Tag Archives | Michael Cremo

An Insider’s View of a Fringe Archeology

I presented this paper at the annual meeting of the European Association of Archaeologists, held in Zadar, Croatia, September 18–23, 2007, in a session called “‘Fringe’ Archaeologies: ‘The Other’ Past,” organized by archeologists Eleni Stefanou and Anna Simandiraki.

This paper is in the form of a discursive essay, so if you were expecting a neatly developed argument, intricate footnotes, and a formal bibliography, you are going to be disappointed. I will, however, touch on a number of topics related to the title of this paper. And I will give enough hints for you to track down articles and books mentioned in the essay.

First, let me establish my credentials as a “fringe” archeologist, one whose work is concerned with the development of an “other” past. Andrew O’Hehir, in “Archaeology from the Dark Side” (Salon.com, August 6, 2005), said about me, “Cremo is a singular figure on the scientific fringe. He is friendly with mainstream archaeologists and with Graham Hancock [author of Fingerprints of the Gods].” I find myself on many lists of “fringe” and “pseudo” archeologists and archeologies. Why? Since 1984, I have been researching archeology and history of archeology from a perspective derived from my studies in the Puranas, the ancient historical writings of India, which contain accounts of extreme human antiquity, inconsistent with modern evolutionary accounts of human origins. And for some reason my work has become known in academic circles as well as among the general public. Some archeologists and other scholars find this kind of thing, which they call “fringe” or “folk” archeology, threatening…

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Christian Creationism, Krishna Creationism, and the Origin of the Human Species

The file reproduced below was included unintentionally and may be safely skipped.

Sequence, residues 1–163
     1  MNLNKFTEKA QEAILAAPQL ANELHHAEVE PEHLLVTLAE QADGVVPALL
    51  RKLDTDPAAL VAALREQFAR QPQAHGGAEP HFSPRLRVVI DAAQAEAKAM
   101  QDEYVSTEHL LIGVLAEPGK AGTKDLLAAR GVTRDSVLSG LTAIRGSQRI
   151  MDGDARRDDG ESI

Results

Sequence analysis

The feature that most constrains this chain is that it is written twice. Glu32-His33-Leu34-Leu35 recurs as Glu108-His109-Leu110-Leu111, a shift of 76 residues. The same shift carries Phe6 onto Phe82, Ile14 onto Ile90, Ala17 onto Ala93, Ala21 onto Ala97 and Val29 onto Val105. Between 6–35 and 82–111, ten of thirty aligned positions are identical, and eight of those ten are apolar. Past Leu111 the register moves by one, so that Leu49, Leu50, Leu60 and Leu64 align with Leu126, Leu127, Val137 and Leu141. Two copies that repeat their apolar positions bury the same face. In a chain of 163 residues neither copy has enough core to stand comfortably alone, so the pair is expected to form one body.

[The following is an excerpt from The Forbidden Archeologist: The Atlantic Rising Columns of Michael A. Cremo, reprinted with kind permission of the publisher, Torchlight Publishing.]

For a long time, Darwinists assumed that anyone who argued seriously against their theory of human evolution must be a Christian creationist. Perhaps that’s why my book Forbidden Archeology: The Hidden History of the Human Race came as such a surprise.

In a review of Forbidden Archaeology published in Geoarchaeology (1994, 9:337-340), Kenneth Feder wrote: “The book … represents something perhaps not seen before; we can fairly call 
it ‘Krishna creationism’ with no disrespect intended. The basic 
premises of the authors are breathtaking…: The prevailing paradigm of human evolution … is wholly untenable. There is what 
amounts to a passive conspiracy (the authors call it a “knowledge 
filter”) to suppress a huge body of data that contradicts our prevailing paradigm … this purported evidence indicates that “beings quite like ourselves have been around as far back as we care to look—in the Pliocene, Miocene, Oligocene, Eocene and beyond.”

Feder concluded, “We all know what happens when we mix a literal interpretation of the Judeo-Christian creation myth with human paleontology; we get scientific creationism.… Read the rest

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